Egyptians are going to the polls in the second round of elections to a new parliament - the first since President Hosni Mubarak was toppled in February.
Voting has been relatively peaceful, with no major irregularities reported.
The first round earlier this month was dominated by Islamist parties, with the Muslim Brotherhood's Freedom and Justice Party winning a third of vote.
They are set to consolidate their gains this week, with polling taking place in more rural and conservative areas.
The long and complex election process will not be completed until next month.
The aim is to elect a lower house of parliament, which will then appoint a 100-member committee to draft a new constitution.
Under Egypt's complex electoral system, two-thirds of the 498 elected seats in the People's Assembly will be picked through proportional representation, using lists drawn up by parties and alliances.
The remaining seats are decided by a first-past-the-post-system, with individual candidates required to win more than 50% of the votes to avoid a run-off contest.
The Freedom and Justice Party won 36.6% in the first round's party-list vote, and said it had won 32 of the 56 individual seats contested, with four going to its allies.
The second round is taking place over two days in nine governorates, which include some outer districts of the capital Cairo, and more rural regions around the Nile Delta, traditionally a stronghold of Political Islam.
Just as in the first round, queues formed early at some polling stations, though one group of observers said it was limited to the governorates of Giza and Buhaira.
But unlike the previous phase, almost all polling stations opened on time, according to the Supreme Judicial Committee for Elections.
State television did report, however, that that one polling station in Giza was closed for three hours after a shoot-out between rival candidates. No-one was killed, while seven people were detained by security forces.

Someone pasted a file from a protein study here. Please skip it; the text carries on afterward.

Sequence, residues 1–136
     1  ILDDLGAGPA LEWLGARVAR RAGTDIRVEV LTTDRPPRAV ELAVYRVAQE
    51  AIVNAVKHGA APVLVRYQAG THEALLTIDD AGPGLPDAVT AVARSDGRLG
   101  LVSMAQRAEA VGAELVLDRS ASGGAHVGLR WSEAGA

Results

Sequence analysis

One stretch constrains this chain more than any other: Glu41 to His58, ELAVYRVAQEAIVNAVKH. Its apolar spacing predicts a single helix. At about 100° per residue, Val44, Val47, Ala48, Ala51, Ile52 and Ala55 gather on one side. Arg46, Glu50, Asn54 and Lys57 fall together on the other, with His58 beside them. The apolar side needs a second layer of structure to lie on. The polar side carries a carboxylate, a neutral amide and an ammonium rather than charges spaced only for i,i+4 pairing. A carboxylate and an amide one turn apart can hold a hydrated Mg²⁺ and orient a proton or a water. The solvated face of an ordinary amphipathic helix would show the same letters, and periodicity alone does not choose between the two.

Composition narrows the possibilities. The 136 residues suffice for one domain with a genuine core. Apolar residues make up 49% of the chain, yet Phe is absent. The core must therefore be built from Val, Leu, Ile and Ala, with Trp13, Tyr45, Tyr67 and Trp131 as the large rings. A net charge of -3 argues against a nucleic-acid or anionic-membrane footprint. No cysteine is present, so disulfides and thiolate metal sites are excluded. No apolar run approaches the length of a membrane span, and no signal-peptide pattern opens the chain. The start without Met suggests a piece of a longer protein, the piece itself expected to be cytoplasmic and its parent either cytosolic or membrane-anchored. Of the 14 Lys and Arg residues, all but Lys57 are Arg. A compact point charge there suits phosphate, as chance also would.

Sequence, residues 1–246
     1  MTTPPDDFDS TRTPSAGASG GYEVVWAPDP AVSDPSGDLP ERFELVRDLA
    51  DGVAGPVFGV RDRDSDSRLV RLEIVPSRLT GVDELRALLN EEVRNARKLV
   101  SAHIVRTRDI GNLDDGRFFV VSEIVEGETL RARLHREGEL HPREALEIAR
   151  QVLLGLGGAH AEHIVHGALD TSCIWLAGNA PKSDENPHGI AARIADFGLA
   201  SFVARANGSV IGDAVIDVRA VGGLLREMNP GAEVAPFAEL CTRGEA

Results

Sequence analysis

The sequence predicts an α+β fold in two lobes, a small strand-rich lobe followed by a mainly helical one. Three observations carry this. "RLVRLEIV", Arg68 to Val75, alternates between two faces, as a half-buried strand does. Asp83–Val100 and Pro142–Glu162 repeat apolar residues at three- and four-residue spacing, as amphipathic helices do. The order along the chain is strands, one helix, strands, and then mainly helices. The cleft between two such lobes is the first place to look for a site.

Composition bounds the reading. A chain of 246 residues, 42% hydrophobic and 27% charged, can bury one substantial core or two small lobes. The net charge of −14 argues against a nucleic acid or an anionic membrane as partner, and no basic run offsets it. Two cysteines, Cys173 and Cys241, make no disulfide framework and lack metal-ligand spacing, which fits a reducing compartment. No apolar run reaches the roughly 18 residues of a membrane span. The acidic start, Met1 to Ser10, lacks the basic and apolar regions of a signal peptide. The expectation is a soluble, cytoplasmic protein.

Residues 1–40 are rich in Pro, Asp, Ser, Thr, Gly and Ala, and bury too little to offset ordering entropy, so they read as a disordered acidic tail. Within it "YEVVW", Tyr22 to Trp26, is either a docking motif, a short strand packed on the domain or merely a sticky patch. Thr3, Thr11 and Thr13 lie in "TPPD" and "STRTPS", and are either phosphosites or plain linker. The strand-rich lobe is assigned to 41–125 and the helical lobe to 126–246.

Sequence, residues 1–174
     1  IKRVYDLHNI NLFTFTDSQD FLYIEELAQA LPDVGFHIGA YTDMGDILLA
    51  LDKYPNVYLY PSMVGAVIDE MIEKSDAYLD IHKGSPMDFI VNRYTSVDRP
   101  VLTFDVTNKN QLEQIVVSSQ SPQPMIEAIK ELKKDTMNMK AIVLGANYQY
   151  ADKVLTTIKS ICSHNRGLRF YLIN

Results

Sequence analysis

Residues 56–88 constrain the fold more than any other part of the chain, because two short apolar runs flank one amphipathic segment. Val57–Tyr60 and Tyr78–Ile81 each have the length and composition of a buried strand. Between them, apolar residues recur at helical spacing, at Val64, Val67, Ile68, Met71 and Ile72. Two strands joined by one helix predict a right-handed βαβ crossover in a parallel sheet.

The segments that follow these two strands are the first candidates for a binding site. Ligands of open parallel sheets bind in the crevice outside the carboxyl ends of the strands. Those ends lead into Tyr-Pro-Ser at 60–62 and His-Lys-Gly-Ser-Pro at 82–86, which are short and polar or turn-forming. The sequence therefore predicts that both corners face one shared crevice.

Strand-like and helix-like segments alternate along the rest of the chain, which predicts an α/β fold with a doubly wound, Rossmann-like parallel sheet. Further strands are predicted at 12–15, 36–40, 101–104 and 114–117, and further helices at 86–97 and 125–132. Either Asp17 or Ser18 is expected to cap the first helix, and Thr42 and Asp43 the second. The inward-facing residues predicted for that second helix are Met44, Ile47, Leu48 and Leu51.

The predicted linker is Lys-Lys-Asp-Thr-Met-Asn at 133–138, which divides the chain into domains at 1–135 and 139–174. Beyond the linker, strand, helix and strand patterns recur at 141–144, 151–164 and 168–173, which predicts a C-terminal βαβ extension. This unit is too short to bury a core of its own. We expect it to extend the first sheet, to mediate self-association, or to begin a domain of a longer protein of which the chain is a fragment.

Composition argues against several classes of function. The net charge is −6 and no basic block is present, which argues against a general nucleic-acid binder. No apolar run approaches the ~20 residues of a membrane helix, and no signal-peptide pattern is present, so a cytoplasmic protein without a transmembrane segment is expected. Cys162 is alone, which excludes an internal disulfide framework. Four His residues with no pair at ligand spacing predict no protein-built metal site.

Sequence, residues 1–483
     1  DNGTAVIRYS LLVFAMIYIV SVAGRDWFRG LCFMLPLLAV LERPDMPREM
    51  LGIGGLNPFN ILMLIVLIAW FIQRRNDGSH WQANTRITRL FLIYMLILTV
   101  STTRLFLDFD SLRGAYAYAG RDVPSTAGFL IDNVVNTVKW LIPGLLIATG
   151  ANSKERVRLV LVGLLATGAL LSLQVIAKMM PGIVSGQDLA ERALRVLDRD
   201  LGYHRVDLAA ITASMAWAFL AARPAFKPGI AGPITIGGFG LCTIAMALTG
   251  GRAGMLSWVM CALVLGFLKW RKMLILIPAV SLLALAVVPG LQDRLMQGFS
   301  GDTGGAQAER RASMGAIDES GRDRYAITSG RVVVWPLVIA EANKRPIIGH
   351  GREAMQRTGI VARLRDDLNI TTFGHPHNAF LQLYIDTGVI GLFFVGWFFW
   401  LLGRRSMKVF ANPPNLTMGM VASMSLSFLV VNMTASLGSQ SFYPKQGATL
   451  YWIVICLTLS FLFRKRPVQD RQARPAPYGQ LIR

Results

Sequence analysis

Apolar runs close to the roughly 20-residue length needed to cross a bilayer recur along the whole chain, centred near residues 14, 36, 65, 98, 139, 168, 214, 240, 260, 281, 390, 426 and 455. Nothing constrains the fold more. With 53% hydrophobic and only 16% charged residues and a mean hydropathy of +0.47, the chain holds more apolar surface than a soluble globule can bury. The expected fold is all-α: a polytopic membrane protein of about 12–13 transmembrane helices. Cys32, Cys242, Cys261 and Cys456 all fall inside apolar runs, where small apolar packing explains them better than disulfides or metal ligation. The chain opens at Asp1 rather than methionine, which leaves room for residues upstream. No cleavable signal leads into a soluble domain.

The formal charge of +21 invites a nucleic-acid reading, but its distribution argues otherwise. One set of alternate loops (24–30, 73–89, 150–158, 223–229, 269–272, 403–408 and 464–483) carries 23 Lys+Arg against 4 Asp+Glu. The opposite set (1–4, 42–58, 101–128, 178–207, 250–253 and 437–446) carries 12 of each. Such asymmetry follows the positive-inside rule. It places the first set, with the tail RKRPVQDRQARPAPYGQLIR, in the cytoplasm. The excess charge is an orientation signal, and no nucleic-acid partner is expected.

And in a village near the city of Suez, east of Cairo, there was a gunfight between supporters of rival Islamist candidates. One unconfirmed report said a person was seriously wounded.
The BBC's Jon Leyne in Cairo says Islamist candidates are expected to build on their earlier gains, with the ultraconservative Salafist al-Nour Party forecast to do particularly well in the conservative areas. Al-Nour won 24.4% in the first round's party-list vote and five individual seats.
Secularist and liberal candidates have been trailing in third place so far.
The secular Egyptian Bloc came third in the first round with 13.4% of the vote, followed by the liberal Wafd Party with 7.1% and the moderate Islamist Wasat Party with 4.3%. The Revolution Continues, a group formed by youth activists behind the uprising that ousted Mr Mubarak in February, won 3.5%.
But the divide between the Freedom and Justice Party and the Salafists is as important as that between the religious and secular parties, says our correspondent.
The Muslim Brotherhood are putting themselves forward as more moderate and pragmatic, while the more uncompromising Salafists are more in touch with the poorer sections of Egyptian society, he adds.
Last week, the Muslim Brotherhood's General Guide, Mohammed Badie, sought to reassure voters, saying he wanted to form a broad coalition.
"We will not rule Egypt alone. Parliament will include all the colours of the rainbow that must agree on one direction, one goal," he said.
Mr Mubarak stepped down in February after weeks of large-scale political protests in Cairo and across the country.
The military took over the running of the country, but it has been accused in recent months of trying to slow down the transition to civilian rule and safeguard its own interests.
Protesters angry at the slow pace of reform have taken to the streets, and last month 42 people were killed in clashes with security forces.